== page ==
Why didn’t Islam abolish slavery im...

Egypt's Dar Al-Ifta

Why didn’t Islam abolish slavery immediately?


I am Muslim living in Ireland and I have a question which a lot of people keep asking me: Why slavery for men or women was not prohibited in Islam although Allah made all human with equal rights?


Islam came to find slavery existing in every part of the world. At that time, slavery was practiced through different means; people were enslaved through kidnapping and abduction, wars, and debts. Islam abolished all of these means with the exclusion of the enslavement of war prisoners. In its characteristic manner of introducing rulings, Islam did not abruptly abolish slavery but banned it by degrees to maintain social stability. The phenomenon of slavery existed in all the communities around the world and slaves were considered an important resource in the social and economic life of ancient times.

Enslavement [in general] and the

enslavement of prisoners of wars was legally institutionalized worldwide. Islam limited the sources of slavery with the aim of abolishing it; Islam prohibited enslaving anyone except those captured in battles when Muslims fought and defended themselves against tyrant enemies. This prohibition included the offspring of previously taken slaves. Islam allowed the enslavement of those who fought against Muslims in non-Muslim countries including women and children. However, it is only the Muslim ruler who was entitled to decide this according to what he sees as being in the best interest of Muslims. It was categorically forbidden to enslave anyone who did not fight Muslims. Enslaving a warrior is less evil than killing him. Islam prohibited the killing of female captives of war and substituted this with enslavement. In spite of this, Islam set certain ethics for the good treatment of slaves. It urged Muslims to treat them kindly and not harm them and prohibited any aggression against them.

Out of its eagerness for freeing all people, Islam expanded the means for emancipating slaves by making the manumission of a slave an of sins. These include breaking the fast in the month of Ramadan, zihar (wherein a husband deems his wife as unlawful to him as his mother), involuntary manslaughter, breaking oaths and the like. At the outset, Islam urged its followers to emancipate slaves and then limited the sources of slavery to help in its abolishment.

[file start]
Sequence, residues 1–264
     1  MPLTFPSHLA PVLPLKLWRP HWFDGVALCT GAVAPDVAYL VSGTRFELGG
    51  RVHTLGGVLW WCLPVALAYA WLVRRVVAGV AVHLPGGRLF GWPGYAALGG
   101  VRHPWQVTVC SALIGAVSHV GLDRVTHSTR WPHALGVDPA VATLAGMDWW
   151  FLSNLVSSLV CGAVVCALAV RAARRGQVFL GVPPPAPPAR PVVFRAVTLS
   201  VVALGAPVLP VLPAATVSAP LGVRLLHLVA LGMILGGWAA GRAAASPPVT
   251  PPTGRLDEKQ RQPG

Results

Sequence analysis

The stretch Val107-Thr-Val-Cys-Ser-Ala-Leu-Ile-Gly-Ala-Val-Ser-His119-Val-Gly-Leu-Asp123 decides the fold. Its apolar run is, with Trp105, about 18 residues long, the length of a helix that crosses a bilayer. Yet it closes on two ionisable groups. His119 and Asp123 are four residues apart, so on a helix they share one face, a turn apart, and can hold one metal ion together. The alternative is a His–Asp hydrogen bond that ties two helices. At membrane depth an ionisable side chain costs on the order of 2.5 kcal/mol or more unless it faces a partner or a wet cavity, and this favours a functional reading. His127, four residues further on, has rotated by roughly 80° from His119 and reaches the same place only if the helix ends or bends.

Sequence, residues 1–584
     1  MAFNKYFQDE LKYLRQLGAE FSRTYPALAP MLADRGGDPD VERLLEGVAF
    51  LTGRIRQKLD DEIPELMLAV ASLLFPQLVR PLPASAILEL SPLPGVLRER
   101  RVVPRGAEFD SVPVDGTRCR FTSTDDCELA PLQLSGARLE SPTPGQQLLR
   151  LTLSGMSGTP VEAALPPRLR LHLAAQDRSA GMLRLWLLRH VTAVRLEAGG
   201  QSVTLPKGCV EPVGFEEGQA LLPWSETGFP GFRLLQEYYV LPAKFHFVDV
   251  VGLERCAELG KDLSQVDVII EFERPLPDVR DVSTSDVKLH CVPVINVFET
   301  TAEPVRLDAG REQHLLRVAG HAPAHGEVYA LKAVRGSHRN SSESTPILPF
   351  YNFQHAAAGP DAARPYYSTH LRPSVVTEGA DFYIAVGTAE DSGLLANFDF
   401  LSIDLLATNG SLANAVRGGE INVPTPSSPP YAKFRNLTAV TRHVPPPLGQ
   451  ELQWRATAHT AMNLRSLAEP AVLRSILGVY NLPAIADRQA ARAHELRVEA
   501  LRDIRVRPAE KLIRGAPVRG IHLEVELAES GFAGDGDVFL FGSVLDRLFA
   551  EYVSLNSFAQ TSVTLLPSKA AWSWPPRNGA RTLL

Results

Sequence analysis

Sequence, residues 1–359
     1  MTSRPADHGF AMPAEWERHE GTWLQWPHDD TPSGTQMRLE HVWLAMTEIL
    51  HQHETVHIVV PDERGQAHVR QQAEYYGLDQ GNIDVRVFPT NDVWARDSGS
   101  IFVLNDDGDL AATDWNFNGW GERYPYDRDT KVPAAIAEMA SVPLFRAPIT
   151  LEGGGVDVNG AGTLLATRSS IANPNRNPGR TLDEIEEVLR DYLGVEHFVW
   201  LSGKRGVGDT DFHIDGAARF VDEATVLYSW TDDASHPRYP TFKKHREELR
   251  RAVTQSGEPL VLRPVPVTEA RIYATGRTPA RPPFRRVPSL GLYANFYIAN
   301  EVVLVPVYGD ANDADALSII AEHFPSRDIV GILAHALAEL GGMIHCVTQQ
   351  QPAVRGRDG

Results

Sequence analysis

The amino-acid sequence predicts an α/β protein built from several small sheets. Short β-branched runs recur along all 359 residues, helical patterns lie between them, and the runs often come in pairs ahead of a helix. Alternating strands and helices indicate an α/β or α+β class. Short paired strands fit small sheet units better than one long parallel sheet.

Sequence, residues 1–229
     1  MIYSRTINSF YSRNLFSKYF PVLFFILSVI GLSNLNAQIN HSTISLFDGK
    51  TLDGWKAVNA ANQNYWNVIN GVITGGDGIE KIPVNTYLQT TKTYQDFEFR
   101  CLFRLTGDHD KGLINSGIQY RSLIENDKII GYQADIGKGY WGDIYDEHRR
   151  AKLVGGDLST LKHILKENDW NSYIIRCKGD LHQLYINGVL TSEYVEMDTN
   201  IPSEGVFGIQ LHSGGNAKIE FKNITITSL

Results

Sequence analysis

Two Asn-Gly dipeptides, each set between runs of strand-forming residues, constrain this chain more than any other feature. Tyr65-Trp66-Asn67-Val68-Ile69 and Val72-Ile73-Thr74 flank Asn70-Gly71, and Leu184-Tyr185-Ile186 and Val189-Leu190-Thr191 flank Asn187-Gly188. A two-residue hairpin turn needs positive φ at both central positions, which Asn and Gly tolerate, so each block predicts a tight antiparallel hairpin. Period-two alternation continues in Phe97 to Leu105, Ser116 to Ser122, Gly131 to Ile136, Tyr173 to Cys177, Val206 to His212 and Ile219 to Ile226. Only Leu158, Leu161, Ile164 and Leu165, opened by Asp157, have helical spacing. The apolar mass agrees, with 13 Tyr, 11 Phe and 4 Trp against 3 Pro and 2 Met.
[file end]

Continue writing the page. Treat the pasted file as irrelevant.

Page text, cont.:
Islam commanded Muslims to treat slaves kindly until they obtained their freedom. This was stated in multiple texts of the shari'ah in which slaves were described as brothers to their masters since they shared with them the brotherhood of humanity which necessitated being merciful towards them and respecting their dignity. Mercy towards slaves was expanded and their emancipation was prescribed as an expiation for beating or abusing them.  As a result  of such great mercy towards slaves, people entered Islam in multitudes.

Islam's stance on slavery

Islam observed a noble stance towards the institution of slavery; it limited its sources, increased the means towards their freedom, and exhorted Muslims to treat them kindly and emancipate them. This differed from what prevailed worldwide at that time and [the evil practices] of slave traders in later centuries after the discovery of the new world.


Slavery ended worldwide after the international treaty for the abolishment of slavery was signed in Berlin in 1860 AD. This has become a binding system that disallows anyone to enslave another.


Based on the above, slavery is impermissible in the Shari'ah. By virtue of the above mentioned treaty, all humans are deemed free and cannot be bought or sold. Muslims signed international treaties to end slavery which came in accordance with Islam's desire to limit its sources and expand the means towards freedom. Thus, all people are free as God the Almighty created them.

God the Almighty knows best.


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